June 3rd jeremy madeiros “Good morning; the "Tempest" chick did come out of the nest burrow for a couple of short periods last night, to exercise and look around. Its weight on Wed. was 293 gm, wing chord =258mm.”
June 1st | 1 am jeremy madeiros “The adult male just entered the nest chamber for a feeding visit at 11.49pm. This is good, as the weight of the chick had dropped to 266 gmswhen weighed at 6.00pm on Tuesday. Wing chord was 255mm.
"Tempest" the Cahow chick received a feeding visit from the male bird last night (May 31-June 1) which can be seen by scrolling to 21.42.05 on the video timeline (11.49pm Bermuda time).”
May 31st jeremy madeiros “Checked the Nonsuch Cahow nesting colony about an hour ago (1.00am Bermuda time). Our video chick has not been carrying out pre-departure exercising yet, but two other chicks from nearby nests were.”
May 28th jeremy madeiros “Good evening; "Tempest" the Cahow chick's weight today was 291 gms, and wing chord was 246mm. Since most Cahow chicks start leaving nests to exercise at 245mm, maybe our chick will start tonight.”
May 26h jeremy madeiros“This male bird seems to have taken a more active role in feeding the chick over the last month, after being absent for more than 3 weeks. This chick probably has less than 2 weeks before fledging.”
May 25th jeremy madeiros “Looks like the male Cahow just finished his feeding visit and departed from the nest at 11.58pm Bermuda time. The chick looks fat and contented, still uttering a repeated begging (feed me!) cry.”
May 24th jeremy madeiros “Good evening; there is an adult feeding visit underway at 11.15pm. Looks like the adult female this time. I will weigh the chick tomorrow.”
May 23rd jeremy madeiros “Good evening; the CahowCam chick was officially named "Tempest" by my daughter, Elizabeth Madeiros, on Saturday, 21 May. Chick wt. was 335gms, wing chord was 220mm. Chick spending much time in tunnel” See Blog Post
May 18th jeremy madeiros “Good evening (3 am on the 18th) ; the chick just had another feeding visit by the female bird-unusual for same adult to visit 2 nights in row (scroll to 49.49). Chick wt increased from 300g Mon to 385g Tues after visits.”
“Just carried out a weight/growth assessment of the Cahow chick; following last night's adult feeding visit, this chick has increased in weight from 385g to 435gms! Wing chord has increased to 204mm.”
May 17th jeremy madeiros “Adult female Cahow arrives for feeding visit at 4.35 am (28.10.00 on video timeline). Adult gives chick 20 brief feeds up to 4.45am, then starts preening chick, which is still begging for food.”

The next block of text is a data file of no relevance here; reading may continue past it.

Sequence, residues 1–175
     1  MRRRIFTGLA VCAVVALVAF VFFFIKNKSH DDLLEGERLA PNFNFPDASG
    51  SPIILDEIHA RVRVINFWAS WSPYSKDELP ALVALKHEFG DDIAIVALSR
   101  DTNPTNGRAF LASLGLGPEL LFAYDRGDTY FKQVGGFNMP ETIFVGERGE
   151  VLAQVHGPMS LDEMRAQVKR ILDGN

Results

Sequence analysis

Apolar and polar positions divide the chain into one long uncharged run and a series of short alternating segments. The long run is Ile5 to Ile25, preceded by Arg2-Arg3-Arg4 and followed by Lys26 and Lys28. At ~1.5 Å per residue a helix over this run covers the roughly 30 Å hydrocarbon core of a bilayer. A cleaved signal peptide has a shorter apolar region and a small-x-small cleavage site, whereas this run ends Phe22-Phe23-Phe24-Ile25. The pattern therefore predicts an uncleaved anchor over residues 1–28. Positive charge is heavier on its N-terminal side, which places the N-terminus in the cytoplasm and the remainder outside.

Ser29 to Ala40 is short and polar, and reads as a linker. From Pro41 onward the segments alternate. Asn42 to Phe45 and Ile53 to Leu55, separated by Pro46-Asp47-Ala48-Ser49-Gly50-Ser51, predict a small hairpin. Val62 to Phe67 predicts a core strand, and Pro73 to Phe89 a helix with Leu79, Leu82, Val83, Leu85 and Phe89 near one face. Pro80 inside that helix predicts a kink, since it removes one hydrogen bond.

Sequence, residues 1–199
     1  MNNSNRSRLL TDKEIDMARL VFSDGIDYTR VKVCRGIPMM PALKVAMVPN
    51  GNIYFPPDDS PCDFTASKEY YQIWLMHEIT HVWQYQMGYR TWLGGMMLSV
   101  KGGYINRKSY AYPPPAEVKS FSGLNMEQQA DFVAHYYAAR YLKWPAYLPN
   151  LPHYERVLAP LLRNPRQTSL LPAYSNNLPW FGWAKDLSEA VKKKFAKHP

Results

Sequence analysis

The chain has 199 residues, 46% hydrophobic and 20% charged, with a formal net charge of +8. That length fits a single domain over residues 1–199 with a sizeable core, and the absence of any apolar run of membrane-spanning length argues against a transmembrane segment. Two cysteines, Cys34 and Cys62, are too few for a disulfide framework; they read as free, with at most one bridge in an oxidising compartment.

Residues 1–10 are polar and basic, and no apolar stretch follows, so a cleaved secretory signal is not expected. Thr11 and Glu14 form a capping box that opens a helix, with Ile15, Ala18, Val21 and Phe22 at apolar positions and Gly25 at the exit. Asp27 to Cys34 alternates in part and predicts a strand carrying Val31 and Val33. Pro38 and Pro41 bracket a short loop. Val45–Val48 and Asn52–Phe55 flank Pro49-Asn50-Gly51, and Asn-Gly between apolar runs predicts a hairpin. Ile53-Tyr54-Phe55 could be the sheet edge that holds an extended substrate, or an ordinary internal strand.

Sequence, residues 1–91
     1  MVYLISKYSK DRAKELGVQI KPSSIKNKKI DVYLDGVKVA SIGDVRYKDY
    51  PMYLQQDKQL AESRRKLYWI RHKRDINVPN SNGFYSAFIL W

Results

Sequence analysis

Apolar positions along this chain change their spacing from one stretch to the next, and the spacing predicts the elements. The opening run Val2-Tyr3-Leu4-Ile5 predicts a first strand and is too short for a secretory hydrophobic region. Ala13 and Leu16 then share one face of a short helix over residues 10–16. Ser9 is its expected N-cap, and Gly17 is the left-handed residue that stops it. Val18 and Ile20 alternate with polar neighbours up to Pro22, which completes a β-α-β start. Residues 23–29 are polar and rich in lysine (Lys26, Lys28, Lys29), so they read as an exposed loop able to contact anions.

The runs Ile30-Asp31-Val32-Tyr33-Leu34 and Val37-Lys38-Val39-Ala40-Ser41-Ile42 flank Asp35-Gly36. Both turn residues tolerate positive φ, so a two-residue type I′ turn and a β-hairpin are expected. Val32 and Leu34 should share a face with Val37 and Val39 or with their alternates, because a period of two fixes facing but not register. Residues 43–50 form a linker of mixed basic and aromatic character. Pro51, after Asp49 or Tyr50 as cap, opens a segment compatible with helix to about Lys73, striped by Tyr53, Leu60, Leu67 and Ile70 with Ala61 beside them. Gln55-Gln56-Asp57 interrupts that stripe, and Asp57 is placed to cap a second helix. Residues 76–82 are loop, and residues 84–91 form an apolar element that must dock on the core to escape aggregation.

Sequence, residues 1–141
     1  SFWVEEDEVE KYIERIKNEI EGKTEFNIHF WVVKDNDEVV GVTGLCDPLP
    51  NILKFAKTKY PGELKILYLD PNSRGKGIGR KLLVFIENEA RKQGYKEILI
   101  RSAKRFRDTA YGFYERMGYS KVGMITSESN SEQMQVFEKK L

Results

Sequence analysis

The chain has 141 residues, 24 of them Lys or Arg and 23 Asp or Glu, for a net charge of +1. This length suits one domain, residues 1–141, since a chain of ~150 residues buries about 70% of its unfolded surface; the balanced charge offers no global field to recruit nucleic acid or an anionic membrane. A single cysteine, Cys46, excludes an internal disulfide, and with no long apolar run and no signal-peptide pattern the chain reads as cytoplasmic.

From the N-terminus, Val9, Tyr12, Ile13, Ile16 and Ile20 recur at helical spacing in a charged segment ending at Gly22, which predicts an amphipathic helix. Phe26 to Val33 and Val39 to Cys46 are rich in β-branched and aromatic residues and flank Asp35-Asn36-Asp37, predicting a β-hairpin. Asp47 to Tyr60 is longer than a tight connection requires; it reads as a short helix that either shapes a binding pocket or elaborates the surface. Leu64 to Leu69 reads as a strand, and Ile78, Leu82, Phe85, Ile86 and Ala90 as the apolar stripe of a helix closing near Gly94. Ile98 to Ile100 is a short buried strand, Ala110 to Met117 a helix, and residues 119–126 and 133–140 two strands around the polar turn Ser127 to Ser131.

“Good am again; I have scrolled back through video and found that before the female visit, that the chick was also visited by the adult male starting at 12.40am (24.15.20 0n timeline) double visit!”
May 16th jeremy madeiros “Good morning; looks like the chick did not receive any feeding visit from the adults last night. The chick is 72 days old today (Mon 16 May), about 21 days from fledging to sea.
May 15th jeremy madeiros“Good Morning; the chick did not have a feeding visit last night (Sat/Sun) but did have a feeding visit by the female on previous night (Fri/Sat)
May 11th jeremy madeiros “Chick comes back into nest chamber after staying out of sight in nest entrance tunnel (which in the case of this nest, is over 6 feet long) at 1.10 am Bermuda time.”
May 9th jeremy madeiros “Good evening; the chick seems to be having a quiet night after feeding visits by both adults over 3 consecutive nights. The chick is 65 days old today, or the two-third fledged stage. wt = 380 gms.”
May 8th jeremy madeiros “Happy Mothers Day! The chick was fed by the male bird starting at 2.04am Sunday, the first time the male has been confirmed in almost 3 weeks. The visit lasted 1 hour 19 mins.”
“Just finished weighing/measuring all Nonsuch Cahow chicks; many received feeding visits last night. Our video chick weighed 350 gms (compared with 313 gms 2 hours before it was fed).”
May 7th jeremy madeiros “The chick finally had a feeding visit by the female bird, which arrived at 4.52am Bermuda time, just as the high winds subsided slightly. It has been about a week since the last feed for this chick!”
“Good evening; carried out weight check on chick; chick wt increased from 280gms before adult visit last night, to 313 gms tonight (Sat) wing chord = 157mm.”
May 6th jeremy madeiros “No adult visit again last night, prob due to weather conditions (rain/strong winds 25-35k) Very rough at Nonsuch, wves to 13' Chicks here are safe& dry, but smaller nest islets have wves breaking over”
“Bored chick often stretching growing wings and preening itchy flight feathers emerging under natal down. Stormy, windy, rainy day at Nonsuch. Winds have gusted to 44mph. Will weigh chick tomorrow.”